Remote Sensing Week 3
Remote Sensing Week 3 GEOG 2107
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This 4 page Class Notes was uploaded by Ivana Szwejkowski on Friday September 16, 2016. The Class Notes belongs to GEOG 2107 at George Washington University taught by Engstrom, R in Fall 2015. Since its upload, it has received 3 views. For similar materials see Intro to Remote Sensing in Geography at George Washington University.
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Date Created: 09/16/16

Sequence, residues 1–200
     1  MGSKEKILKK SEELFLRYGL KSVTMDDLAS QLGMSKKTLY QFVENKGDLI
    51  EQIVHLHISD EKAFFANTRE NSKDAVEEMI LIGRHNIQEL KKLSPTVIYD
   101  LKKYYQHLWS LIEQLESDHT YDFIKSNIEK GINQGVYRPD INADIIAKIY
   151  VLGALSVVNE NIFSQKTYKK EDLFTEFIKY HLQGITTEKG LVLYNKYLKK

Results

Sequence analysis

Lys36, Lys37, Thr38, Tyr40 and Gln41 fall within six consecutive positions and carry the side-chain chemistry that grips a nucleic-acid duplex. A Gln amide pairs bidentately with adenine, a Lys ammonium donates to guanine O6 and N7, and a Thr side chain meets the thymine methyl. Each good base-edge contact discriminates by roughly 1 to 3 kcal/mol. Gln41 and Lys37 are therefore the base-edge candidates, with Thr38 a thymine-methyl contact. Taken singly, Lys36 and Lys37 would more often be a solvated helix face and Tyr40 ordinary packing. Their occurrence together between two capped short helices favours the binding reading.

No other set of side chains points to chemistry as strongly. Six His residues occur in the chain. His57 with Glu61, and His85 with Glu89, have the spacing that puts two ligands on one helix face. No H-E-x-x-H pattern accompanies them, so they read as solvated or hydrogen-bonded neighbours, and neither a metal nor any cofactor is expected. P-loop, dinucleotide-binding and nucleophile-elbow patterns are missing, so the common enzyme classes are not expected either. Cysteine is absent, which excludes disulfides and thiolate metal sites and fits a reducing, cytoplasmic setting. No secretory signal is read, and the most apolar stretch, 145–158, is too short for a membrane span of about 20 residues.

Remote Sensing week 3 9/12 Spatial resolution = instantaneous point of view x height of image sensor Temporal Spectral Radiometric Image Interpretation Interpreter Requirements Vision (stereoscopic acuity, color vision) Knowledge of application and environment Pattern recognition skills Intelligence and motivation Performance Tests Standardized Tests for screening -Recognition of Basic patterns and shape -See in stereo -Normal color vision Interpretive Elements Info contained in image data Scale dependent and interrelated Elements Elements of Interpretation- Tone/Color Basic elements of interpretation Amount of energy returned from object or location Amount of energy returned depends on- reflectance of object, sensitivity of sensor Black and White (Panchromatic), tone is greyness level ranging from black (high return) to white (low return) Color imagery- differences in color are based on energy returned in specific wavelength bands -Three dimensional tone varying in -Intensity- brightness -Hue- dominant wavelength/color -Saturation-purity of color Characteristic Placement and arrangement of repetitions in tone or color; subtle changes in tone in close proximity Visual impressions of roughness or smoothness Scale dependent Elements of Interpretation Size of interpretation Measured in two ways; Relative (compare two objects size) and Absolute ( known dimensions to scale) Shape -Top-down view versus profile -Cultural Features-tend to have regular geometric -Natural features- Patterns -Drainage Networks -Orchards -Housing Patterns -Road Networks Shadow -can aid analysis -can hinder analysis Height -absolute measurements versus oblique image data Context -highest level of cognition, integrates all levels of interpretation -Site and Association 9/14 Image interpretation continued Interpretation process Search procedure and interpretation keys Image information Location, date, sensor, spatial resolution Collateral (ancillary) data General to specific - Overall impression - Major geographic regions- natural vs. cultural - Approximate area of land cover/use - Grid system to describe location of features in image - Identify specific features - Examination of evidence within image to converge to interpretation Human vs. Automated Approaches Humans generally utilize higher order elements of interpretation, e.g. context, shape, size, more successfully than computer- qualitative Computers can quantify multiple levels of image tone more accurately than human- quantitative Computers are less biased, but may be less accurate because of limited ability for higher order interpretation Training and equipment Hybrid approaches Electro-magnetic Radiation (EMR) -Link between surface and sensor Sun Surface Sensor Energy Flow: Radiation Energy transferred between objects in the form of electromagnetic waves/ particles (light) Can occur in a vacuum Two Models- Wave & Particle Wave Theory Explains EMR transfer as a wave Waves travel through space at the speed of light 3 x 10^8 ms/2 Wave Properties- Amplitude Height of the wave crest above the undisturbed position Wave Properties- Wavelength - Lambda - Distance between successive crests or troughs - Micrometers - EMR Spectrum ( Gamma, X-Ray, UV, Visible, Reflected IR, Thermal IR, Microwave, Radio Wave Properties- Frequency -Hertz -Number of wave forms passing through a given point per unit time - Cycles s/2 Wavelength & Frequency = speed of light 3X10^8 m/s C= wavelength X frequency Relationship; inversely related Quantum Theory - Wave theory doesn’t account for all properties of EMR - Interaction of EMR with matter (absorption, emission) - EMR is transferred as discrete particles (photons) Planck’s Law; energy of a photon Q=hv Q= energy of quantum in Joules h= Planck’s constant Js v= frequency of EMR wave in Hz Energy Levels All objects above -273 C emit electromagnetic energy Energy radiated is a function of temperature Stefan-Boltzmann (SB) Law- describes emitted radiation from a blackbody as a function of temperature Radiation (Wm^-2) =SB constant X Temperature (K) Energy Levels: total energy emitted is proportional to T^4 Wien’s Displacement Law - Used to identify frequency of maximum energy emission - Inversely related to temperature EMR: Interaction with the Atmosphere - Must pass through twice - Energy detected by sensor is a function of Surface properties and Atmospheric influences - Scattering - Absorption EMR Transmission -Energy propagated directly through the atmosphere -Low transmittance with clouds and greenhouse gasses
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